ZMap is a fast open-source network scanner designed for Internet-wide network surveys. On a typical desktop computer with a gigabit Ethernet connection, ZMap is capable scanning the entire public IPv4 address space in under 45 minutes.
While previous network tools have been designed to scan small network segments, ZMap is specifically architected to scan the entire address space. It is built in a modular manner in order to allow incorporation with other network survey tools. ZMap operates on GNU/Linux and supports TCP SYN and ICMP echo requestscanning out of the box.
While ZMap is a powerful tool for researchers, please keep in mind that by running ZMap, you are potentially scanning the ENTIRE IPv4 address space and some users may not appreciate your scanning. We encourage ZMap users to respect requests to stop scanning and to exclude these networks from ongoing scanning.
We suggest that users coordinate with local network administrators before performing any scans and we have developed a set of scanning best practices, which we encourage researchers to consider. It should go without saying that researchers should refrain from exploiting vulnerabilities or accessing protected resources, and should comply with any special legal requirements in their jurisdictions.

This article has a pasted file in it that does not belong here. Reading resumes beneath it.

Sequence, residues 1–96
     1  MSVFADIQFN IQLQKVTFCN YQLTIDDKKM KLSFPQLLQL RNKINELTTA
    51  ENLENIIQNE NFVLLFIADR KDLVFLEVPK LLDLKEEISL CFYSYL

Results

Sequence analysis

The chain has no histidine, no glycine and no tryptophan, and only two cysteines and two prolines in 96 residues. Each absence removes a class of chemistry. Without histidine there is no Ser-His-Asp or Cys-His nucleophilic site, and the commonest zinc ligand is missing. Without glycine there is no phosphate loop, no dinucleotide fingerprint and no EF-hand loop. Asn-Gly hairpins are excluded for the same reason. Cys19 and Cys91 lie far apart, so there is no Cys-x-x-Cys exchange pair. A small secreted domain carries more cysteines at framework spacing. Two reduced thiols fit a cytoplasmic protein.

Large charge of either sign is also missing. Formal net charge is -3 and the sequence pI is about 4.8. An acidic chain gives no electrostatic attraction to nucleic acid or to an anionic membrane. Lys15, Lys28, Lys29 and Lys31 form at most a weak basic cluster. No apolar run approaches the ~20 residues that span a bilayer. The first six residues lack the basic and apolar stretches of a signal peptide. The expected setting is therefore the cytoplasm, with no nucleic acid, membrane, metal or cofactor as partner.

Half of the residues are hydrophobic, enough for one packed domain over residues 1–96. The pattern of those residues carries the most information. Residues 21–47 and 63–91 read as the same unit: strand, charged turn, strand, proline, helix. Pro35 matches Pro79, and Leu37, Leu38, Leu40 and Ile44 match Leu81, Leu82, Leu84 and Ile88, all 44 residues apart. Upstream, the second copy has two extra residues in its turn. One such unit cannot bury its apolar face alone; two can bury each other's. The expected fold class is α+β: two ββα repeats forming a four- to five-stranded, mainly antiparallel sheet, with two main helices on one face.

Scanning Best Practices
- Coordinate closely with local network administrators to reduce risks and handle inquiries
- Verify that scans will not overwhelm the local network or upstream provider
- Signal the benign nature of the scans in web pages and DNS entries of the source addresses
- Clearly explain the purpose and scope of the scans in all communications
- Provide a simple means of opting out and honor requests promptly
- Conduct scans no larger or more frequent than is necessary for research objectives
- Spread scan traffic over time or source addresses when feasible
$ zmap --bandwidth=10M --target-port=80 --max-targets=10000 --output-file=results.csv
You can download ZMap here (it’s also available via repo install for most common *nix operating systems):
Or read more here.